There are substantial grounds to claim that the most significant archaeological discovery of the 21st century is the Göbeklitepe (Potbelly Hill) . First of all, it dates back to 12 thousand years ago. In other words, it’s 4 thousand years older than the pyramids and 7 thousand years older than the Stonehenge. Furthermore, it is even older than the human transition to settled life. Therefore, contrary to the widely held view, it proves existence of religious beliefs prior to the establishment of the first cities.
Findings of researchers at Göbeklitepe shows that a religious class existed even at such early ages, division of society into social classes took place well before the widely assumed dates and perhaps the first agricultural activity may have been conducted in the region. As a result, all this new information has been added to the collective knowledge of the humanity and into the history books. On the merits of its contribution to the human history, Göbeklitepe was inscribed on the UNESCO World Heritage List in 2018.
Historic Areas of Istanbul (1985)
The Historic Areas of İstanbul, situated on a peninsula surrounded by the Sea of Marmara, Boğaziçi (Bosphorus), and Haliç (Golden Horn), were inscribed on the UNESCO World Heritage List in 1985.
İstanbul is the only city situated on two continents in the world. The Historic Areas of İstanbul are represented by four main areas: Sultanahmet Archaeological Park, Süleymaniye Conservation Area, Zeyrek Conservation Area and Land Walls Conservation Area. These areas differ from each other in terms of the periods and characteristics of the cultural properties that they house, and they display the urban history of İstanbul.
Archaeological Site of Troy (1998)
The Ancient City of Troy, famous for being the site of Trojan War that Homer described in his epic poem The Iliad, was inscribed on the World Heritage List in 1998.
With its history dating back to 3000 BC, it is one of the most famous archaeological sites of the world. It is located within the boundaries of Çanakkale province. According to the foundation legend of Troy, the sea goddess Tethys and the titan of Atlantic Sea, Oceanus, had a daughter called Electra. Electra would become Zeus’s wife and would give birth to Dardanus. Dardanus’ son Tros would found the city called Truad, and his son Ilus would found the city of Troy.
Göreme National Park and the Rock Sites of Cappadocia (1985)
Göreme National Park and Cappadocia were inscribed on the World Heritage List in 1985 as 7 parts: Göreme National Park, Derinkuyu Underground City, Kaymaklı Underground City, Karlık Church, Theodore Church, Karain Columbaries and Soğanlı Archaeological Site.
The most significant feature of Göreme National Park and Rock Cut Cappadocia Region is the existence of a plenty of fairy-chimneys, formed by the wind and the rain water. The columbaries on the high slopes of Soğanlı, Zelve and Üzengi Valleys, and the monk cells carved in the depths of the valleys add value to the site.
Hattusha: the Hittite Capital (1986)
Having been founded around 1650 BC, Hattusha was the capital of the Hittite Empire and became the focus of the arts and architecture of that time. It has been on the World Heritage List as a cultural asset since 1986.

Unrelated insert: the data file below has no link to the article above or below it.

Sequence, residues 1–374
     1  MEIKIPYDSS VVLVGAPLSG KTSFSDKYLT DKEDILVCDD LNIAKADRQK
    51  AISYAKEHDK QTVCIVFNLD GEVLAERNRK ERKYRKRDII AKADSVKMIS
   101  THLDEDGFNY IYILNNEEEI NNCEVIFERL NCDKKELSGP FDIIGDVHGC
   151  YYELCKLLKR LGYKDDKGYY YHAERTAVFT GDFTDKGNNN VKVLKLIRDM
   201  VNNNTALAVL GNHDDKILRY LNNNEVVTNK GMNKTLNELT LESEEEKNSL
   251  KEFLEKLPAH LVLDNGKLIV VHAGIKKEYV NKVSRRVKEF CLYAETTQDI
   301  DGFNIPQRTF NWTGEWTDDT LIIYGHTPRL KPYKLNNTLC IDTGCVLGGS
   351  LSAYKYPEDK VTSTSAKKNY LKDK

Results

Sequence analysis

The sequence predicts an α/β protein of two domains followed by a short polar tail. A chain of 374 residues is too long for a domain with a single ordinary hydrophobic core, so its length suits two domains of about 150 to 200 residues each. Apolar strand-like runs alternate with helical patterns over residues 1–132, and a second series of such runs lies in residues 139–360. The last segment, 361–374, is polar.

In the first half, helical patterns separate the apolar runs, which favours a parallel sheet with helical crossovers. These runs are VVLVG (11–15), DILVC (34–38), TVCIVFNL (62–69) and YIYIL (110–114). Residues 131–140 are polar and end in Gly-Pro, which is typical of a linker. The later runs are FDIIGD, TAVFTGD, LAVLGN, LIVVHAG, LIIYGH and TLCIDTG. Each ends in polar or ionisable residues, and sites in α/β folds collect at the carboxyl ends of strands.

Hattusha is an open-air archaeological museum consisting of two sites, the Lower City and the Upper City. Visible at the Lower City are the remains associated with civic life. The Great Temple is the principal cult building of the city. Due to its two cult rooms, this temple is believed to have been devoted to the Storm God Teşup and the Sun Goddess of Arinna City, which are the greatest gods of the Empire.
Nemrut Dağ (1987)
Situated in the Kahta county of Adıyaman province and described as the sacred place of Commagene Kingdom with its enchanting statues standing ten metres high and inscriptions that are several metres long, Nemrut Mountain was inscribed on the World Heritage List as a cultural asset in 1987.
Nemrut Mountain houses the most majestic places of worship belonging to the Hellenistic Era in ancient Anatolia. According to the inscriptions, Antiochus I had a monumental tomb, a tumulus of cut stones over the tomb, and terraces along the three edges of the tumulus built in order to show his gratitude to the gods and his ancestors.
Located within what was once the estuary of the River Kaystros, Ephesus comprises successive Hellenistic and Roman settlements founded on new locations, which followed the coastline as it retreated westward. Excavations have revealed grand monuments of the Roman Imperial period including the Library of Celsus and the Great Theatre. Little remains of the famous Temple of Artemis, one of the “Seven Wonders of the World”, which drew pilgrims from all around the Mediterranean. Since the 5th century, the House of the Virgin Mary, a domed cruciform chapel seven kilometres from Ephesus, became a major place of Christian pilgrimage. The Ancient City of Ephesus is an outstanding example of a Roman port city, with sea channel and harbour basin.
Great Mosque and Hospital of Divriği (1985)
The first Turkish buildings inscribed on the World Heritage List are the Ulu (Great) Mosque and Hospital of Divriği. This building complex was commissioned in the 13th century by Ahmet Shah and his wife Melike Turan of the Principality of Mengücekli. Renowned for its monumental architecture and traditional stone carving decorations of Anatolia, this masterpiece, with its two-domed mosque, hospital and tomb, was inscribed on the UNESCO World Heritage List in 1985.
Xanthos, which was the capital of Lycian dating back to 3000s BC, is known to be the largest administrative centre of Lycia during antiquity. Letoon, which was inscribed on the World Heritage List together with Xanthos in 1988, was one of the most prominent religious centres in antiquity.
The archaeological value of Xanthos and Letoon make them very important parts of world heritage. The sites are about 4 km apart and they include the stone inscriptions on which the longest and the most important scripts in Lycian language are written.
The sacred Hierapolis of Phrygia, one of the antique cities of the Aegean, was inscribed on the UNESCO World Heritage List in 1988. The ancient city of Hierapolis is believed to have been founded by Eumenies II, the King of Pergamum, in the 2nd century BC, and to have been named after Hiera, the beautiful wife of Telephos, the legendary founder of Pergamon.